4. va_grown, thanks for your comments. I agree with mixing things up a bit so the chore doesn't become "stale." My girl is still in that "I want to help you" stage, but when she grows out of it, I know we will need to give her some different chores to work on to add to what she has "mastered." I agree completely that it's really about developing a strong work ethic at an early age that is important. I don't want my kids to think I'm their maid and come to expect me to clean up after them. Thanks for stopping by! Oh, and like your website and will be following you! :)

  5. Wendy, thanks for your sweet comments. I have so much to learn to be the mom God wants me to be, but I always appreciate some encouragement! Thanks for your link, too. You have some great ideas; I especially like your morning routine and getting boys to clean bathrooms too! :) Thanks for stopping by. FYI: I subscribed to your site via email.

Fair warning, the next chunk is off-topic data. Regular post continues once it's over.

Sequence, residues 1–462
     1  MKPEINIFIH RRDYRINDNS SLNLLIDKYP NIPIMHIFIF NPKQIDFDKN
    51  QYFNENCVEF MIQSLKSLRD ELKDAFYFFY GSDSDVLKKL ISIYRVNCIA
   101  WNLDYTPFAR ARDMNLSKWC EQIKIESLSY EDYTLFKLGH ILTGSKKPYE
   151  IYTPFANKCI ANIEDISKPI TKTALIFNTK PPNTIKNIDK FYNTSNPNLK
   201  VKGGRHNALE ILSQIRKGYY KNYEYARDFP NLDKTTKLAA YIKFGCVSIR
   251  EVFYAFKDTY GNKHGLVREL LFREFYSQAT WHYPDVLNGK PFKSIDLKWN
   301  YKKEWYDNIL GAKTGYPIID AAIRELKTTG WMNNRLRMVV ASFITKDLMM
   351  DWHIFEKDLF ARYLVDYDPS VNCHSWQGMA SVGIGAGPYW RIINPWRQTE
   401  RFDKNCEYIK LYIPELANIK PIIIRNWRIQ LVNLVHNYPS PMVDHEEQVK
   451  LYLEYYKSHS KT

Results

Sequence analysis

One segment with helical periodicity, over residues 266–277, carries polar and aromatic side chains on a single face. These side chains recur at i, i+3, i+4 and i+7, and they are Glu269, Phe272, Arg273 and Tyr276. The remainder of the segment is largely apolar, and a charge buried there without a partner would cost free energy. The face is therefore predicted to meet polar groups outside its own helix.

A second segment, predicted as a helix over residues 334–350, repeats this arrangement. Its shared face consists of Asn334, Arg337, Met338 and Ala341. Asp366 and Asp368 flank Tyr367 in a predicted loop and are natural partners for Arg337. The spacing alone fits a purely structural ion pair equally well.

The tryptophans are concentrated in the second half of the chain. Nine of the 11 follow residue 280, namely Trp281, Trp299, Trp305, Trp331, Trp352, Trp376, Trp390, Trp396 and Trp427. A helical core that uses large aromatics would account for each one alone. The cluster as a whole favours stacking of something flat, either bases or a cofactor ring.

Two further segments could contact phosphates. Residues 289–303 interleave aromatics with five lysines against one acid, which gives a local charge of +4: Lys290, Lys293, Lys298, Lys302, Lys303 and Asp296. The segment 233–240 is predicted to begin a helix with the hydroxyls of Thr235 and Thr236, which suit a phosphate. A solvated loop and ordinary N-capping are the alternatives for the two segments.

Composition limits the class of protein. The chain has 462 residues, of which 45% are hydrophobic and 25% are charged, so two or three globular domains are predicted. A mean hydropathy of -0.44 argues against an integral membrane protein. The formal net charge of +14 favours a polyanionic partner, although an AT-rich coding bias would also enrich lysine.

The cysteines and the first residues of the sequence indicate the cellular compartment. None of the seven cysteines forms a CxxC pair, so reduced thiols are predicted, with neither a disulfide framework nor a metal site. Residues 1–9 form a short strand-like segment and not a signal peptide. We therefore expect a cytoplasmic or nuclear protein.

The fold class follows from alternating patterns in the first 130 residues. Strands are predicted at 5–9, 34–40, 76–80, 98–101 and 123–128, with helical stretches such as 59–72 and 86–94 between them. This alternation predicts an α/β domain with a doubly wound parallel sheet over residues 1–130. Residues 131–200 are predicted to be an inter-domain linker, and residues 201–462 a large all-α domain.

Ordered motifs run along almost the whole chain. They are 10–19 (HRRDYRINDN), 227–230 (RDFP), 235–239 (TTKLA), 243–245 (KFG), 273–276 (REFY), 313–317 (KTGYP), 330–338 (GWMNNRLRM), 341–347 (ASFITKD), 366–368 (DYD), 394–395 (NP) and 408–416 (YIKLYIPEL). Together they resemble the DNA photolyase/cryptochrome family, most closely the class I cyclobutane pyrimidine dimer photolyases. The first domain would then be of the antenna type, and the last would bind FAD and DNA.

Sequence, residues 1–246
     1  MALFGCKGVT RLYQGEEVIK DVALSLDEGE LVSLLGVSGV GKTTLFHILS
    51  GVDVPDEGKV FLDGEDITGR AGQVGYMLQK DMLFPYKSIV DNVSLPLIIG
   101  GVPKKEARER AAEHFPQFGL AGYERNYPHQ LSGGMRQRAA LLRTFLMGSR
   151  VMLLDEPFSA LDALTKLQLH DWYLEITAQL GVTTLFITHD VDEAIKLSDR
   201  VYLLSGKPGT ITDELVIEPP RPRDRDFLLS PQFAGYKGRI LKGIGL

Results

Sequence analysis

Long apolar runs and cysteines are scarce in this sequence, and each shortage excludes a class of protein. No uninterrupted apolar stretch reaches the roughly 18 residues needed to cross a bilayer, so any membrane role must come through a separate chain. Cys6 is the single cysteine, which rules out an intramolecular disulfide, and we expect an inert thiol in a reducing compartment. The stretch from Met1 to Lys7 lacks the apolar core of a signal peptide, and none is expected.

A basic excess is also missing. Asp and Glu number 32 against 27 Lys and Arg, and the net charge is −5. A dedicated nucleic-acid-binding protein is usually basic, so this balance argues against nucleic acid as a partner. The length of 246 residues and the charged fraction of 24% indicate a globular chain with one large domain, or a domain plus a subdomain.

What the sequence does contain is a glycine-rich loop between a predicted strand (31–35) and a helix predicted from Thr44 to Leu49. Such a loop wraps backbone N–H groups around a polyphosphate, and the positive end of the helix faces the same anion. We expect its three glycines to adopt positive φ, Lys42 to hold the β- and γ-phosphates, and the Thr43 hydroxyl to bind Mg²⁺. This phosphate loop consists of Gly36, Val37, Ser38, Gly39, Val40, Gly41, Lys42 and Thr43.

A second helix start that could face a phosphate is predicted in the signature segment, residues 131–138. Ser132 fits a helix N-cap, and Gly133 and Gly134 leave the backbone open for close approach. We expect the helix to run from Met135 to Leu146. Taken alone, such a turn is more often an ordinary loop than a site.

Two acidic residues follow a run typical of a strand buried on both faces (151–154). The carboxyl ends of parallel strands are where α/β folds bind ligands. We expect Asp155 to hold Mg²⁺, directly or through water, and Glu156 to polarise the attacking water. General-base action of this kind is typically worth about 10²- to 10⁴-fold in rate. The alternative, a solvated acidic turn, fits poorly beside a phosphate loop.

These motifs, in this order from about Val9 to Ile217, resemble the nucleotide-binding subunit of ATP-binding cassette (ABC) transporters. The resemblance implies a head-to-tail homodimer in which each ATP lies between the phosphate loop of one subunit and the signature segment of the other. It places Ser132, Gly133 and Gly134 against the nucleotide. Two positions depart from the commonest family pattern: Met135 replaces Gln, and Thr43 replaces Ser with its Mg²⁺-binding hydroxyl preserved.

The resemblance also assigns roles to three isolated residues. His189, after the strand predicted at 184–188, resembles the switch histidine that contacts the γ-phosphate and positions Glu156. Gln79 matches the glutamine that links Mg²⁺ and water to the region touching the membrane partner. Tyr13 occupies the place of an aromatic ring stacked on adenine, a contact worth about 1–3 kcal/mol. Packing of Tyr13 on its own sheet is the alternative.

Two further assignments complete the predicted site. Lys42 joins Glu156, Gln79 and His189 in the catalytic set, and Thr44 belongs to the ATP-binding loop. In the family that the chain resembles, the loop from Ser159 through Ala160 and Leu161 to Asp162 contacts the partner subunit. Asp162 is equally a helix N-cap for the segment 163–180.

6. I think these are wonderful tips for training our children in helping with chores around the house!

    I started having our two daughters do simple household tasks at young ages as well and now that they are ten and eight, they are a tremendous help to me! They fold laundry, vacuum, clean their bathroom, and dust, as well as set the table and load and unload the dishwasher.

    I think linking some fun with chores is a great concept as well. Folding laundry has occasionally turned into an interesting playtime when my girls don their dad's socks and t-shirts and parade around the living all dressed up! :)

    Hope you have a nice day!

  7. Tracey, I love the image of little girls wearing Daddy's socks and t-shirts. I will need to try that some time. I know my daughter will love it! Thanks for stopping by. Blessings to you and your family!